Friday, February 27, 2015

herrnaphta — Marxism and Monetary Theory: A Bibliography

Since reading David Graeber’s Debt last fall, I’ve become interested in the relationship between Marxist economic theory and the heterodox theory of money Graeber supports in his work. Graeber holds to a chartalist position, which argues that money is not, as the classic account in Carl Menger goes, simply the most salable commodity, but rather a symbol that has value because the state requires us to pay taxes in it. Though this theory of money dates back to Aristotle, today it has been developed into the body of theory known as ‘Modern Monetary Theory.’ 
MMT’s focus on the role of the state in making money gives it a very different emphasis from Marx’s analysis in the first three chapters of Capital. There, Marx argues for something quite similar to Menger, drawing an account of the way that a society based on commodity production has need for one commodity to serve as a universal equivalent. In other words, monetary theory appears to make for strange bedfellows. On one side, we have the neo-classicals, the Austrians, and Marx. On the other, the left-leaning post-Keynesians. What to make of all this?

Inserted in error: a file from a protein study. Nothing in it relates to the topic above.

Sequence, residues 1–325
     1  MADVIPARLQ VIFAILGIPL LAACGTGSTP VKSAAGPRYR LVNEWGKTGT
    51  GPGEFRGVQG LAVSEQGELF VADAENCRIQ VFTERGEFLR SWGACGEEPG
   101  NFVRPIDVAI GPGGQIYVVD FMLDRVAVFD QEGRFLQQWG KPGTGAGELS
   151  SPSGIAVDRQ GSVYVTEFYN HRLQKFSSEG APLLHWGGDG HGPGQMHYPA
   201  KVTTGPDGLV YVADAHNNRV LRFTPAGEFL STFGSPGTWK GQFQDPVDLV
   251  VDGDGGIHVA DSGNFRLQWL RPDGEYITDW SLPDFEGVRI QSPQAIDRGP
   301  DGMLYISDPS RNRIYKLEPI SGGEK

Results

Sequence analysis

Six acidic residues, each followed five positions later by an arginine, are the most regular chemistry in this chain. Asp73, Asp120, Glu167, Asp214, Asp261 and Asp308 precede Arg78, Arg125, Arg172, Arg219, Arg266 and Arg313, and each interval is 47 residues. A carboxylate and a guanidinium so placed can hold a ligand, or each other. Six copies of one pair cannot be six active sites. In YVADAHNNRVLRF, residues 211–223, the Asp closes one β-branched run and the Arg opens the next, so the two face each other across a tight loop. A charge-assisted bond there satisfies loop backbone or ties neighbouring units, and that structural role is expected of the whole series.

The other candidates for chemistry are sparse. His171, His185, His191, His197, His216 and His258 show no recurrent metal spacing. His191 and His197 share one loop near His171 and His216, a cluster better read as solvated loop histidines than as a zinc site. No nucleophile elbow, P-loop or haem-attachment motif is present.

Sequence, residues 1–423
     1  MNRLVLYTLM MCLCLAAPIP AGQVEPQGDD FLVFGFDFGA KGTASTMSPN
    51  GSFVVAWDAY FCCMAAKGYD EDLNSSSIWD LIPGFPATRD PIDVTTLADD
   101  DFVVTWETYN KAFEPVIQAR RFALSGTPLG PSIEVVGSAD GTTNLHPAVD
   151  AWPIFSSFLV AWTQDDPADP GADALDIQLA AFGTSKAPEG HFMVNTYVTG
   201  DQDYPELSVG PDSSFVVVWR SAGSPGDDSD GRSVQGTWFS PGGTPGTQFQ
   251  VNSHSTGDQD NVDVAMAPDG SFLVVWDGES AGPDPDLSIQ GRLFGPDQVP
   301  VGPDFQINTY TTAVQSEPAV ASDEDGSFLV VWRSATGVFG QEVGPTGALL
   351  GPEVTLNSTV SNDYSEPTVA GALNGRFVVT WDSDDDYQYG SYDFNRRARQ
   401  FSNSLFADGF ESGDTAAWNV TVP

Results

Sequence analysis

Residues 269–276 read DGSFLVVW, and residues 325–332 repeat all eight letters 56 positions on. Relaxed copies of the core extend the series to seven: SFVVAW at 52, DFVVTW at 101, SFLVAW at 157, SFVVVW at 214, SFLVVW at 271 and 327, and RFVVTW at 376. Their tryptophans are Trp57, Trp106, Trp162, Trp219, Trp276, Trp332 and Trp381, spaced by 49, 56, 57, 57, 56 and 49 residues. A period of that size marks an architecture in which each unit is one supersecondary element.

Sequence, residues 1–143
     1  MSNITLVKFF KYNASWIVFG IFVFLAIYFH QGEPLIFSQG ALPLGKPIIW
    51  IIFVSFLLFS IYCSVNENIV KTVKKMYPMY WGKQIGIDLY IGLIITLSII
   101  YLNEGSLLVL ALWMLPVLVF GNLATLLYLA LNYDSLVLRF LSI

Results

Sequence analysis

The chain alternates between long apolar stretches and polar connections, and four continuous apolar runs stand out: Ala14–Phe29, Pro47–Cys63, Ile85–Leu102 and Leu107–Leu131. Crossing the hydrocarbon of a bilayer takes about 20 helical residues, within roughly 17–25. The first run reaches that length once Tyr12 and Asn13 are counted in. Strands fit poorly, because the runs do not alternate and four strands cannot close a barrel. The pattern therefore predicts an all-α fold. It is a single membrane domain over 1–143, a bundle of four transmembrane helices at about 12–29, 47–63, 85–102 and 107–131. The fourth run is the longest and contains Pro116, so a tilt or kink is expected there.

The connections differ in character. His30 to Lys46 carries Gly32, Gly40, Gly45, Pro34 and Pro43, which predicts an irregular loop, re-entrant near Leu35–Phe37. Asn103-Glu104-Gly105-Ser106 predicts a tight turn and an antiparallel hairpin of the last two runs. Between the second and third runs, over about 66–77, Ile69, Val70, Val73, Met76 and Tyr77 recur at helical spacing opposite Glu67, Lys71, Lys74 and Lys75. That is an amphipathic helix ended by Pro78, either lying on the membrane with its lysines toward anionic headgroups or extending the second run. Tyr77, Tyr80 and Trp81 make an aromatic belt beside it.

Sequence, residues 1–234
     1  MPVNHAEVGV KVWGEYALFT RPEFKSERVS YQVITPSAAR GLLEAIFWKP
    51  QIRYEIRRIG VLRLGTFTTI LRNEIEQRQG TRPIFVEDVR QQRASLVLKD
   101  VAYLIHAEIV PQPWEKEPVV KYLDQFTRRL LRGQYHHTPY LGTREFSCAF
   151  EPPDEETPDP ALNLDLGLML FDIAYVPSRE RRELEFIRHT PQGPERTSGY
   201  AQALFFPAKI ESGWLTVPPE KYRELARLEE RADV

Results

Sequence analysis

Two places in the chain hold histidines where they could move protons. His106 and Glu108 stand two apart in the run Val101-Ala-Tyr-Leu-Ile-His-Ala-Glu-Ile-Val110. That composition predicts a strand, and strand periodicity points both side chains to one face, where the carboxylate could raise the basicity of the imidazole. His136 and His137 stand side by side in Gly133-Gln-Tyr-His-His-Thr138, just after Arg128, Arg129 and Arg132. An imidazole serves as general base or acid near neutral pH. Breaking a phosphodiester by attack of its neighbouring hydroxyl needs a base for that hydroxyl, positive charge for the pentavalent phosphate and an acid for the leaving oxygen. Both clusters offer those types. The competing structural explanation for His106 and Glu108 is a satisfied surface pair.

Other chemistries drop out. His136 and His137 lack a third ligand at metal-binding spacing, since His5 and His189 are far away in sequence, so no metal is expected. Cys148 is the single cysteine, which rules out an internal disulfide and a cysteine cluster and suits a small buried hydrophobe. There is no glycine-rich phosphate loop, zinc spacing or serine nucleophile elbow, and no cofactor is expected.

Personally, I’m pulled by the arguments of MMT. As I began researching what Marxists had to say on the subject, I was relieved to find a number of them arguing that value theory does not require commodity money, and that Marx himself in the later volumes of Capital appears to recognize this....
Marxist Marginalia
Marxism and Monetary Theory: A Bibliography
h/t Rodger Mitchell at Chartalism

1 comment:

Magpie said...

I suspect this is old news to Peter Cooper...

But the bibliography is a very nice touch.